Mar. 29—Last fall, Vine Community Church member Joyce Colburn, whose husband Darrell is also the pastor, had an idea to help others in the community without asking for anything in return.
"God just put it on my heart, but I had really been thinking about it for a long time," she noted. "I wanted to do it at Christmas and couldn't get it done. I wanted to do it for Valentine's Day and couldn't get it done. So I thought, 'Ok, Easter is good.'"
So she turned to fellow church members Linda Butler and Kay French, whom the Tribune highlighted in January 2020 for their roles in feeding individuals on the last Friday of every month at the Kokomo City Line Trolley station.
Butler and French quickly ran with Colburn's idea, and that's how "love buckets" were born.
A love bucket is just as it sounds too, the women said.
Complete with several toiletry items that can't be purchased with food stamps, each bucket also contains a crocheted hat and washcloth — personally created by Butler — socks and candy.
Butler and French recently assembled 100 of the love buckets for last Friday's trip to the trolley station, handing them out to the riders as they hopped on and off the trolleys to their next destinations.
The buckets were pretty well-received, too.
"I just love it," rider Courtney Barbary said after grabbing a bucket. "I love the support. I love it. We need that in this time. That shows that people actually care and want to help their community."
But it's not just the buckets that the women offer either.
Butler pointed out that they're also often asked to pray with and for people, as well as just offer simple words of encouragement.
"People need this," she said. "They don't expect it, but they need it. And I need it too because it makes me feel happy. ... And I just want them to know that we'll be here for them. ... These are my peeps, and I love them all."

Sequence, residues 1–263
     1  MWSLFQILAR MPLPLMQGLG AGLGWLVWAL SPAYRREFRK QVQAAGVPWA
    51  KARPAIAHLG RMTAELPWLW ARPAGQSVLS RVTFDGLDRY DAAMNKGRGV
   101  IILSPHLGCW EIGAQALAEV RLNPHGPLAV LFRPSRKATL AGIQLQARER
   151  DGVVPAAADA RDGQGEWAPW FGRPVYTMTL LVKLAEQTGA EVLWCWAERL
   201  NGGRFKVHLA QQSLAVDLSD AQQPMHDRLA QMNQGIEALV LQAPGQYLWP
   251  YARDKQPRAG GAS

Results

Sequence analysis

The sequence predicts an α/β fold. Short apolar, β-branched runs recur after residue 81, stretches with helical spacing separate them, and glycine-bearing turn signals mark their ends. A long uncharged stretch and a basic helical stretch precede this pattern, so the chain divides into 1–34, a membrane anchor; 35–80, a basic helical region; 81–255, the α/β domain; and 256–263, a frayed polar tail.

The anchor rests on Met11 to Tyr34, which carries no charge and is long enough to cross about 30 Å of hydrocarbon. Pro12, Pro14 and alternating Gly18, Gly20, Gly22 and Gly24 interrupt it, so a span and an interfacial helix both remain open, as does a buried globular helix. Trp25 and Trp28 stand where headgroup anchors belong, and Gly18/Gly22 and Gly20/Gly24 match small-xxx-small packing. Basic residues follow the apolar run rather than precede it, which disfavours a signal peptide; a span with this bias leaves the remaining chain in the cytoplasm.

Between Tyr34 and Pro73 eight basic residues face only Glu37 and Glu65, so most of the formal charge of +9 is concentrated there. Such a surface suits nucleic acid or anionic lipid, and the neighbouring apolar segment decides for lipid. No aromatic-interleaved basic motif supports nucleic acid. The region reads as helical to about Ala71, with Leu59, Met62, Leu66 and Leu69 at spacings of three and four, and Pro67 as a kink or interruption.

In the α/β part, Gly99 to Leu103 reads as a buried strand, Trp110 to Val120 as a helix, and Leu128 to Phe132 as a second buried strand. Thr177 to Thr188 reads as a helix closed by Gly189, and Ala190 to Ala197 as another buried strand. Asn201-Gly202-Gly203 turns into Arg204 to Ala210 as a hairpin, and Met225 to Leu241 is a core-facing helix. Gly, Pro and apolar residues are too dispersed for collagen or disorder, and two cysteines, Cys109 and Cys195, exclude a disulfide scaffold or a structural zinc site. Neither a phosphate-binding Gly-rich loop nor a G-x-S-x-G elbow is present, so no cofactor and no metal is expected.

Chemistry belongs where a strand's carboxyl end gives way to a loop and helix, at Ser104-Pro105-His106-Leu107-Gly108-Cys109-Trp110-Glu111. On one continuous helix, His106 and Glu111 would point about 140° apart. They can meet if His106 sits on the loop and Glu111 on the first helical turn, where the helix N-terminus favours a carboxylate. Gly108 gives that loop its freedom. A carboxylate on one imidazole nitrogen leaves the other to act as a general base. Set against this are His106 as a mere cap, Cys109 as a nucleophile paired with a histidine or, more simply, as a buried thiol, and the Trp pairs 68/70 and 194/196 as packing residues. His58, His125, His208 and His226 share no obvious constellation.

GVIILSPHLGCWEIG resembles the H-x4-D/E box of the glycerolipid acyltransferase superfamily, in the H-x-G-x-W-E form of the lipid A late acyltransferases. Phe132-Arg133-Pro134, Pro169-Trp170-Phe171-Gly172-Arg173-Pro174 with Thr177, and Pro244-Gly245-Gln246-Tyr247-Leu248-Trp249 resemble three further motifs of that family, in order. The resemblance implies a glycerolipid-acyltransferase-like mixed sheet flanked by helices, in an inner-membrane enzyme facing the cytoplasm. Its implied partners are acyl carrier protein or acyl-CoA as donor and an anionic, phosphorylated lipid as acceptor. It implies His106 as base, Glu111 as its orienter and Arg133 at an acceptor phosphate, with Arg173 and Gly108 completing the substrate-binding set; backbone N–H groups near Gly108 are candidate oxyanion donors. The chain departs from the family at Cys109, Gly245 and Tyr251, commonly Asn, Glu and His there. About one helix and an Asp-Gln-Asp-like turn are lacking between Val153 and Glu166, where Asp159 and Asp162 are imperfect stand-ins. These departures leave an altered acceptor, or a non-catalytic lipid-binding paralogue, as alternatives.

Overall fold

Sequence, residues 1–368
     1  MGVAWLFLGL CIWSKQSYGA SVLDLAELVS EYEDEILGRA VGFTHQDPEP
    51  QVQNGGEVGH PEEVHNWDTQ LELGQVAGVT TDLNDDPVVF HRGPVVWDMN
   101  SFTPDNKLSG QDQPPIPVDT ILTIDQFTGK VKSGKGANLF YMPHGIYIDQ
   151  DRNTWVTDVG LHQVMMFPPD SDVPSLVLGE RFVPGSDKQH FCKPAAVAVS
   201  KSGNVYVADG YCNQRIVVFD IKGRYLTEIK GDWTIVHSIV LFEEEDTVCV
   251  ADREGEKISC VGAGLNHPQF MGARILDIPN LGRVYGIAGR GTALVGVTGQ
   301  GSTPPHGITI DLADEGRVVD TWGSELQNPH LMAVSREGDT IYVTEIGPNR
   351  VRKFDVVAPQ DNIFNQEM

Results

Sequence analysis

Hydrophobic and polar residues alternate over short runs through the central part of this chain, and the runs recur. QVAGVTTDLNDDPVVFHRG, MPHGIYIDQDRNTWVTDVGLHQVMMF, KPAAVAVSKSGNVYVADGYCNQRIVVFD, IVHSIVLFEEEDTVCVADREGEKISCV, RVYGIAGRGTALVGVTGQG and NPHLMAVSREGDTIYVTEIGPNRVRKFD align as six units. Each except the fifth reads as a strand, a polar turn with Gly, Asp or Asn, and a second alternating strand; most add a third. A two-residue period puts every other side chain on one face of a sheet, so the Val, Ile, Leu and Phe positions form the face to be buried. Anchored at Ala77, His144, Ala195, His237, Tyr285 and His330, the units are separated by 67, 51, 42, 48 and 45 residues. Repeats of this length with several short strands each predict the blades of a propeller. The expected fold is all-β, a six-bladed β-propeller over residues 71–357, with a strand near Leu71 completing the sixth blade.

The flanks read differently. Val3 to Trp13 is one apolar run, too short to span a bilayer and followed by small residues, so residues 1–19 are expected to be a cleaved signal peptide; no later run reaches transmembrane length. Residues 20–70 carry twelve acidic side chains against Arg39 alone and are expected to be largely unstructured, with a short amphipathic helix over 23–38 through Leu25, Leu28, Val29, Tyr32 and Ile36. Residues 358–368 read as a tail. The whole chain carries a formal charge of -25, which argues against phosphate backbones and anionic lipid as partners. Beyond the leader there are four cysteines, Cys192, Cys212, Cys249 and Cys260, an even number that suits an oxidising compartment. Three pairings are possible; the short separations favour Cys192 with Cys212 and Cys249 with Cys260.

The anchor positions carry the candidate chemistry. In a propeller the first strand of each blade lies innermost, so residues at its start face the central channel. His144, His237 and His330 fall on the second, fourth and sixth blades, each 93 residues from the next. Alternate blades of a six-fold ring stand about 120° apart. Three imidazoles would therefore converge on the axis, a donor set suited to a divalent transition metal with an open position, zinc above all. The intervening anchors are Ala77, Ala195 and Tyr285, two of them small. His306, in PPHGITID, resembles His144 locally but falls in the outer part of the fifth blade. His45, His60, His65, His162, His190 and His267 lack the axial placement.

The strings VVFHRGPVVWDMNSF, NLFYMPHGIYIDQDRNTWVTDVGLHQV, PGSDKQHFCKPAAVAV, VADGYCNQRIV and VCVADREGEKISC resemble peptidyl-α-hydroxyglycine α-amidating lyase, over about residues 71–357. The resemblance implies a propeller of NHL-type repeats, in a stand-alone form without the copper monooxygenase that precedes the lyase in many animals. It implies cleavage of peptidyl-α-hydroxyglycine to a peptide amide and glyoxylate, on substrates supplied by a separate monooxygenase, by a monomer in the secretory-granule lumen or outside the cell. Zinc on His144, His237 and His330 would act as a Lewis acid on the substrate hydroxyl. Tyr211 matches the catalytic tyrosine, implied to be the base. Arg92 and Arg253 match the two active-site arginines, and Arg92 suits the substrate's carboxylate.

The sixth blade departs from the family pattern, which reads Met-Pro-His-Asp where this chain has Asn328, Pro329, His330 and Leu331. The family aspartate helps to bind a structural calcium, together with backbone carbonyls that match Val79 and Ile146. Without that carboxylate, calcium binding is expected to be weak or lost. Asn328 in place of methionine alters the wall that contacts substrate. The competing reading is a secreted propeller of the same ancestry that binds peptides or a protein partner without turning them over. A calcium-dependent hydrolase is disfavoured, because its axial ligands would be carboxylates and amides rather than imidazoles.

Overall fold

Colburn agreed with Butler, adding that at the end of the day, it's about just wanting to spread joy and put smiles on a few faces while doing it.
"With all the negativity going on right now and people being depressed, we just wanted to show them some love," Colburn said. "We might be a small church, but we wanted to do something that had a big impact and help the community. ... A lot of people are down on their luck right now with so many things going on, and if we can just give them a little love and cheer, that's what it's all about.
"So many people go through this place on a daily basis, and you really don't even think about it," Colburn added, referring to the trolley station. "And if we can bless somebody, it's a blessing to us as well."
And the women are already planning for the next love bucket distribution too, hoping to make it even bigger and better than last Friday's event.
"We want to make this an annual thing," Colburn said, "because it's just about paying it forward any way you can. When someone does a kindness to you, you do a kindness for them. This is all just a kindness gesture. And you can win someone over with love and kindness faster than any other thing else."